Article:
Chesapeake Chuck is the Virginia Living Museum resident groundhog.
Watch for him every February 2nd when he predicts Hampton Roads weather with WAVY-TV Meteorologist, Jeremy Wheeler.
The ability of the famous Punxsutawney Phil to accurately forecast weather may be questionable, but early February is a good time to find out more about this interesting animal that sleeps through most of the winter.
A groundhog is a member of the rodent family, related to mice, muskrats, beavers, and squirrels. An adult measures about 18 inches from nose to tail tip and has a chubby body, furry tail, and short powerful legs. Groundhogs live at the edges of wooded areas, meadows or open brushy hillsides.
An adult groundhog lives alone except during the early spring mating season. The female gives birth to 4 or 5 blind, furless, four-inch long babies that depend completely on their mother for food, warmth and protection. After 6 weeks, the youngsters leave the protection of their burrow and begin to explore. By mid-summer, the young groundhogs set out on their own.
This expert digger uses strong clawed feet to move hundreds of pounds of earth and stones to create its burrow. The mound piled up at the main entrance, sometimes a foot across, is a great spot to look around for signs of danger, or just relax in the sun. When a groundhog, or whistle pig, senses danger, it gives a loud warning whistle then dives to safety. A burrow isn’t just a simple hole in the ground! It’s a complex underground network of tunnels and rooms that usually includes a main tunnel, at least one nest chamber, dead-end tunnels and up to five side entrances.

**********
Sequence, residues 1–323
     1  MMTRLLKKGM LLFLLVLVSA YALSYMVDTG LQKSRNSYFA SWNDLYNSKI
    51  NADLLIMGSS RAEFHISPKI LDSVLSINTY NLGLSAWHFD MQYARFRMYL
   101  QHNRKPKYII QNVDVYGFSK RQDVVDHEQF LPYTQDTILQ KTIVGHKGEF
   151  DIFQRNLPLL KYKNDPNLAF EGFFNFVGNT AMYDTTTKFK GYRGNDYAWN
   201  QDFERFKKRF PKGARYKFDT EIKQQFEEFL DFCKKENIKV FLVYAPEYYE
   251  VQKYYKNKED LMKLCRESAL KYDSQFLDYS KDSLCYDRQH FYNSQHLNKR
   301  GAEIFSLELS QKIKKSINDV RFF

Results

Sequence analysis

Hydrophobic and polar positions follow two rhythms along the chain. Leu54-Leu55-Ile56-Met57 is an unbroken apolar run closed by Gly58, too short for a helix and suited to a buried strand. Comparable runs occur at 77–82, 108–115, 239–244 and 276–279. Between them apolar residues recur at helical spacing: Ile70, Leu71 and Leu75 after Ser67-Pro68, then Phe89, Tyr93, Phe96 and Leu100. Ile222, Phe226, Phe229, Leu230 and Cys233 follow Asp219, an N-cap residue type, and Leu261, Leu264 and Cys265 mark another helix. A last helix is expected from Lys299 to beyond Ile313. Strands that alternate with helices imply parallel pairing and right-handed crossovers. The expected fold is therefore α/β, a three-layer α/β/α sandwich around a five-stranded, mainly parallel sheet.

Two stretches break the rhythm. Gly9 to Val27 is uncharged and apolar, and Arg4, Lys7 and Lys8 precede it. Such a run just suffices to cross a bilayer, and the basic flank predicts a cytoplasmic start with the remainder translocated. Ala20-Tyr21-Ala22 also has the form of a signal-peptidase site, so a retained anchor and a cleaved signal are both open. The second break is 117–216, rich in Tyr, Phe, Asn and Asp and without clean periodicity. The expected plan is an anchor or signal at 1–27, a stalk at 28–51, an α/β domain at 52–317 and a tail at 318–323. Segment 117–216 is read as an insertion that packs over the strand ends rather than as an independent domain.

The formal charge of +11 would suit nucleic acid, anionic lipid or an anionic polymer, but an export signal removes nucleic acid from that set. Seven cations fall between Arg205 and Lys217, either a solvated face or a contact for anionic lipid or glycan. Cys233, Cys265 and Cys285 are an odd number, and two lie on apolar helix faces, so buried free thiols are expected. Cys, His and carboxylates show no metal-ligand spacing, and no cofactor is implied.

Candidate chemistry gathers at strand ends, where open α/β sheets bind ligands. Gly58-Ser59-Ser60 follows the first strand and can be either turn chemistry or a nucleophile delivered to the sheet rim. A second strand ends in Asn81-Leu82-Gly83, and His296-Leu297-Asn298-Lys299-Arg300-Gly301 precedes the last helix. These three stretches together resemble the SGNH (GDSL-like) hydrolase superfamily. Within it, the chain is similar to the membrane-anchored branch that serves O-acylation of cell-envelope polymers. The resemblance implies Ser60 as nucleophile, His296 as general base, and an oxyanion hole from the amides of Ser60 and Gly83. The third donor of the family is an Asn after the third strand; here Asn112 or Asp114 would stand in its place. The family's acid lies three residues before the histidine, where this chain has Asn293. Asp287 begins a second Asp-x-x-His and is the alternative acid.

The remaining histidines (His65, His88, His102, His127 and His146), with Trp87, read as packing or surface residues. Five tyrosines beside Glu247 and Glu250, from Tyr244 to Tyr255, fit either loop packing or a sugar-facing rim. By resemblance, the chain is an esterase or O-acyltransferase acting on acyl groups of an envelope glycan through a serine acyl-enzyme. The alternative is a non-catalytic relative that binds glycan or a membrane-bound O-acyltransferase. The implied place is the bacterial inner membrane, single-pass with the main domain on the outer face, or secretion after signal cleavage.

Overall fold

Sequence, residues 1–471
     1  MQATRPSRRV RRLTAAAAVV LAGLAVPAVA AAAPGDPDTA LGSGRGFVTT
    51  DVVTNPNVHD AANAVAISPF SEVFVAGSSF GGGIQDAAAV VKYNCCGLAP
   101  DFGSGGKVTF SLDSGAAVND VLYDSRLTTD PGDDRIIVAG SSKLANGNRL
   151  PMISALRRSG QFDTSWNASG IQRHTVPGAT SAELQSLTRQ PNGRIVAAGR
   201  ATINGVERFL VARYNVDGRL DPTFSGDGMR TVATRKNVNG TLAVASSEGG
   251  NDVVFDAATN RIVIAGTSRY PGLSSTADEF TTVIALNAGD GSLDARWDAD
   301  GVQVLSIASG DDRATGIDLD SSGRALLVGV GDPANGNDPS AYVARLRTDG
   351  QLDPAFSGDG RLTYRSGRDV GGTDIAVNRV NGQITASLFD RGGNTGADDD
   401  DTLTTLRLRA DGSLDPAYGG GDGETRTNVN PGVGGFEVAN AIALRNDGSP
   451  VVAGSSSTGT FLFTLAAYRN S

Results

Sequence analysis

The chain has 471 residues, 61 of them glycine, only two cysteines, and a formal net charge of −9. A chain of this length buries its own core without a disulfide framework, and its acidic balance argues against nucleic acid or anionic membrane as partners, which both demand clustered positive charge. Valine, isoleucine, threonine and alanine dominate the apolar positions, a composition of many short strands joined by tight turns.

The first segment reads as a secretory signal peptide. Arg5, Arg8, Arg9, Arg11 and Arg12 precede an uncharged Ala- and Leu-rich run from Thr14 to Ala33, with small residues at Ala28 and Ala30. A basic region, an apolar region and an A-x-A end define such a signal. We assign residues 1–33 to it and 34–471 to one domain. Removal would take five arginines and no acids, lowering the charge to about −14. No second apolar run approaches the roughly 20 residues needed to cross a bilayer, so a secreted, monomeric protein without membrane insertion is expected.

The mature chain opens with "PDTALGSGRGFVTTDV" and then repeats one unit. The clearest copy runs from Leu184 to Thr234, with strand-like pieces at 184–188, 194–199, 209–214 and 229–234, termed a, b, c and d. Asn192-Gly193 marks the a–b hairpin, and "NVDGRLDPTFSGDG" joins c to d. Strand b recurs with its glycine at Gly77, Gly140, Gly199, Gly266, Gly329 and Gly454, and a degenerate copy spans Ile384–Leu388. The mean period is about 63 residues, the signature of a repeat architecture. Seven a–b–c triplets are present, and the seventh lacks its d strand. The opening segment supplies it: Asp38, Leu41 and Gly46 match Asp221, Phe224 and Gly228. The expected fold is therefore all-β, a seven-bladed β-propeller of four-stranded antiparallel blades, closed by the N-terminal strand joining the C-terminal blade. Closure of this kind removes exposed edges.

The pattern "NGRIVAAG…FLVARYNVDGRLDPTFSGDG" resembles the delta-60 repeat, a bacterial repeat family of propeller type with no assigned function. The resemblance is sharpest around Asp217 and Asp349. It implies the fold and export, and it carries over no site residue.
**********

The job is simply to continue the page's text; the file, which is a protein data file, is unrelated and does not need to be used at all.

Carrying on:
Throughout the spring and summer, a groundhog spends only 3 or 4 hours a day outside its burrow. Much of that time is spent eating. A groundhog doesn’t store extra food underground. It’s a true hibernator. During its long, deep sleep, all of its energy must come from stored body fat. A groundhog will fatten up to about 12 pounds before it hibernates in late fall. When it finally climbs out of its warm burrow in early spring, it may have lost 1/3 to 1/2 of its body weight!
Although groundhogs are preyed upon by dogs, foxes, raccoons, hawks, owls and occasionally weasels, the most serious threats to its survival are hunting, trapping and loss of habitat.